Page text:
The conference ended with an emotional meeting with victims and witnesses of exclusion, who tried to point out the commonalities and differences in their experiences and what impact the experience of exclusion had on their lives. Participants in the discussion included Almasa Salihović, Survivor of the conflict in Bosnia; Maung Zarni, activist counteracting the persecution of the Rohingya in Myanmar; Linda Greta Zsiga, Roma activist encountering exclusion in Romania; and Dr Lutz van Dijk, historian and writer, representative of the LGBT+ community.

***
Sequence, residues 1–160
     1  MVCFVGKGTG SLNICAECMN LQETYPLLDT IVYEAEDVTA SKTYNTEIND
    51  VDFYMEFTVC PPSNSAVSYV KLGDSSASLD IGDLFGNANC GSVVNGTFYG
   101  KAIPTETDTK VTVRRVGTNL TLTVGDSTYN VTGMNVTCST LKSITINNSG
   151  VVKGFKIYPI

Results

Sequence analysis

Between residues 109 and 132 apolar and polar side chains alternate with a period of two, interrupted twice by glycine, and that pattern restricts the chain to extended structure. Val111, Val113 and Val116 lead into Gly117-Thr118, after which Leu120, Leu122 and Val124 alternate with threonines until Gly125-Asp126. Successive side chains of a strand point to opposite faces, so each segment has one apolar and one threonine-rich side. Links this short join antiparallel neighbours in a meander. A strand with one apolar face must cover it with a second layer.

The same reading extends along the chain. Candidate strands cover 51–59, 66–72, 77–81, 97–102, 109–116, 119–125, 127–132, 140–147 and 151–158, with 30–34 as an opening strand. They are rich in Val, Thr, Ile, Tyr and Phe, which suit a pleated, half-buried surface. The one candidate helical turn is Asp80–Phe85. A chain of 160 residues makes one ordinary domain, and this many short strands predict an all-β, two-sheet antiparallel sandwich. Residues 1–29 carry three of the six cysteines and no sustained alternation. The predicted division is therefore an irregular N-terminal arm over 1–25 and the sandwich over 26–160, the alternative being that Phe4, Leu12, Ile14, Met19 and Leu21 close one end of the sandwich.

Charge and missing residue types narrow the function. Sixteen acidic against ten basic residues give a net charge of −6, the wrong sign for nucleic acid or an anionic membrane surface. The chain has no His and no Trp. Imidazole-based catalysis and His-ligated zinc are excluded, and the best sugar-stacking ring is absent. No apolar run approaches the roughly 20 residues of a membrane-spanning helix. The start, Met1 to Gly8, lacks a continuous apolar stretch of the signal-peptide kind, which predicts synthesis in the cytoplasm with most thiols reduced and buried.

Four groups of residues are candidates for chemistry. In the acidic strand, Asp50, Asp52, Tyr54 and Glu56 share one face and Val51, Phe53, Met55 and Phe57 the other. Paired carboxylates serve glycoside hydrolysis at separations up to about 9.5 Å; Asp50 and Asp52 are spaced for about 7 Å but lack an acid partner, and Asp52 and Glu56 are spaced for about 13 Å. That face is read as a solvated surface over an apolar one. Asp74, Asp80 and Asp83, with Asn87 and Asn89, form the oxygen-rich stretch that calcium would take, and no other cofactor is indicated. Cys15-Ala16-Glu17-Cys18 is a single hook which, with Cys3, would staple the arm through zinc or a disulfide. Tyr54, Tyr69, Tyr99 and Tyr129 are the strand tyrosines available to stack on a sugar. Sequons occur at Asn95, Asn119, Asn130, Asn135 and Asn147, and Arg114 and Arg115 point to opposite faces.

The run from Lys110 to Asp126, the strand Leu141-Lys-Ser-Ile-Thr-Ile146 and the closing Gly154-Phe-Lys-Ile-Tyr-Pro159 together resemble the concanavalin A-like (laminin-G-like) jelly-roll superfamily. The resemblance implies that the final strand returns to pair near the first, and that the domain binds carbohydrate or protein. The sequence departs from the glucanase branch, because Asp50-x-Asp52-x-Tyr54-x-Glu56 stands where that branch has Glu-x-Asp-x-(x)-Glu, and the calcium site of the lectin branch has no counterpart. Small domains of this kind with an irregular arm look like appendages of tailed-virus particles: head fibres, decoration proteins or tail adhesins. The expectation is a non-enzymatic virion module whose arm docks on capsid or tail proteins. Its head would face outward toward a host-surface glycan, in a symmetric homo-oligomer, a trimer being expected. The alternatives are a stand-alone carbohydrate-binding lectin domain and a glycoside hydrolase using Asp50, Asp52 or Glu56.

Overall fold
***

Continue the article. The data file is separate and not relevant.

During the conference and open-call session, representatives of local organisations talked about their projects, which promote exclusion awareness in the modern world and provide genuine help and support to those who have fallen victim to it. The winners of the international competition "My memory, my responsibility. In my place", organised by the Auschwitz-Birkenau State Museum and the Auschwitz-Birkenau Institute, also delivered their presentations.

A summary of the conference will be published in a special issue of the magazine, Memoria.